Projected offshore decommissioning costs fall by 25%

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Image source, Getty Images

The projected overall cost of decommissioning North Sea oil and gas infrastructure has fallen by 25% to £44.5bn over the last five years, according to the industry regulator.

The North Sea Transition Authority (NSTA) said industry had managed to cut £15bn from the total bill since 2017.

However, total spend on decommissioning work last year was just £1.2bn - lower than the forecast of £1.4bn.

The regulator attributed this in part to the impact of coronavirus.

Decommissioning work is expected to continue beyond 2060, with more than £1bn spent each year until 2042.

The NSTA said companies in the sector had been able to make big savings by carrying out projects more efficiently.

In 2017, the NSTA introduced a baseline estimate of £59.7bn and set a target of reducing costs by 35% to £39bn by the end of 2022.

The regulator said: "The highly ambitious 35% target was always intended to be challenging and the significant savings already delivered greatly benefit companies, which can invest more in production and emissions reduction projects, and taxpayers by reducing the cost of decommissioning tax reliefs to the Exchequer."

Decommissioning spend is expected to ramp up to a peak of more than £2.5bn per year over the next two decades.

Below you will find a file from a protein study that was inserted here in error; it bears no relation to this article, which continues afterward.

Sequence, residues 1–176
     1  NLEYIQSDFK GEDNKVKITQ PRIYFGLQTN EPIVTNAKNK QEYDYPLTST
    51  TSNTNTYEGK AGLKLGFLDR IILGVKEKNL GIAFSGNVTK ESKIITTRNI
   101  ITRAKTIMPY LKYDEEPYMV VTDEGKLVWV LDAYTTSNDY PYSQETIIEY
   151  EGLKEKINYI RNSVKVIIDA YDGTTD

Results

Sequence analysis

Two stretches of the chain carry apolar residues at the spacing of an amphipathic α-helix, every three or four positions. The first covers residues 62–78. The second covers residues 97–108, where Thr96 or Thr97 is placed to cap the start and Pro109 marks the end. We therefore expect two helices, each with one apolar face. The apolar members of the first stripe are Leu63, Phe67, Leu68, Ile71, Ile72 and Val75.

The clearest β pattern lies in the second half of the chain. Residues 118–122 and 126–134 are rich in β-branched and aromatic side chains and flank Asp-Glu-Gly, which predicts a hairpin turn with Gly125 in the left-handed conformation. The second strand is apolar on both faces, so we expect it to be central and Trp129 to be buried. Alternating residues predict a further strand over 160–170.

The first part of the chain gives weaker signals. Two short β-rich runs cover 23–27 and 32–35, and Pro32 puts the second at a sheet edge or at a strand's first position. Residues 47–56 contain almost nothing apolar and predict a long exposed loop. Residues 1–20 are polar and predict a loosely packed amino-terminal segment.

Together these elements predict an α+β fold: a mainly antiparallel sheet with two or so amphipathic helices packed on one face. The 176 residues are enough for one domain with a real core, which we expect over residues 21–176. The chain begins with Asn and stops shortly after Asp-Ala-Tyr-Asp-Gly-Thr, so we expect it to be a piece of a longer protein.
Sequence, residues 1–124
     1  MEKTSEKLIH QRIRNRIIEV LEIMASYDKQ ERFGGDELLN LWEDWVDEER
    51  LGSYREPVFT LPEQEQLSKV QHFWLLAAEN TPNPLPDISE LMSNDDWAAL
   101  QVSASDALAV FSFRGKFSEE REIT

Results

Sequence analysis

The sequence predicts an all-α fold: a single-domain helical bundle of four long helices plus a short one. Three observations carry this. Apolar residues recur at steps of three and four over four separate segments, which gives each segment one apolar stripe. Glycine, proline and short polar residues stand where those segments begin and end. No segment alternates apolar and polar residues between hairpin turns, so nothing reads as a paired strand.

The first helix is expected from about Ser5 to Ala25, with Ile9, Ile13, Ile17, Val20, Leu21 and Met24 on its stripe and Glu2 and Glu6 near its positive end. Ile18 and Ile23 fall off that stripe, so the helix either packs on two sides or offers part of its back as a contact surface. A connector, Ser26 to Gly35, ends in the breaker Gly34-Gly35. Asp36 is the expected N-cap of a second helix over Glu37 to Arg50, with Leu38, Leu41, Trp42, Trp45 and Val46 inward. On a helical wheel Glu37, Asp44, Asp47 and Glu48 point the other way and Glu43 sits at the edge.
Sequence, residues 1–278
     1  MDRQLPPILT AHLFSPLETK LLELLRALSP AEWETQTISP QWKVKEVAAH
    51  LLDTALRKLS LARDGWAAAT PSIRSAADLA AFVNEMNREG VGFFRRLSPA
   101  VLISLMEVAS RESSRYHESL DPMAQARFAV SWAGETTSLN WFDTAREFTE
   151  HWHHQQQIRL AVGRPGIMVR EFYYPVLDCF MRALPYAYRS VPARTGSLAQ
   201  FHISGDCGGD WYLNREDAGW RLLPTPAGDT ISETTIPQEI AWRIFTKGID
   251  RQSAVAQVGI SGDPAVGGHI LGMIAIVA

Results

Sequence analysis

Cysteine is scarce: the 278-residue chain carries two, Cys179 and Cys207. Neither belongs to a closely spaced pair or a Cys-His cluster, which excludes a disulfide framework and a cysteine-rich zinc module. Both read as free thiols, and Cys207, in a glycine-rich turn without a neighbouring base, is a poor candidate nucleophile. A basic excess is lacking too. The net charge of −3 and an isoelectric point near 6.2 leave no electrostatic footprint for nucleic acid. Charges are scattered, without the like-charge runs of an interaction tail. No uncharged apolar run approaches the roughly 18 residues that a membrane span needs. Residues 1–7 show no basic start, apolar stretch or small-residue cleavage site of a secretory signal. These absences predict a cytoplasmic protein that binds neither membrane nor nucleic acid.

The regulator is encouraging North Sea operators to continue the progress in reducing costs and prevent inflation from driving up the price.

Image source, Getty Images

Pauline Innes, head of decommissioning at the NSTA, said: "Delivering potential savings of £15bn during a short period marked by extremely turbulent economic conditions should give the sector confidence as it looks to the future.

"Our industry is demonstrating that it can complete projects safely, efficiently and economically in the North Sea, and that places it in a strong position to compete for what is a big international prize.

"The sector must not lose focus and allow inflation to drive up prices. Now is the time to build on the progress already made."

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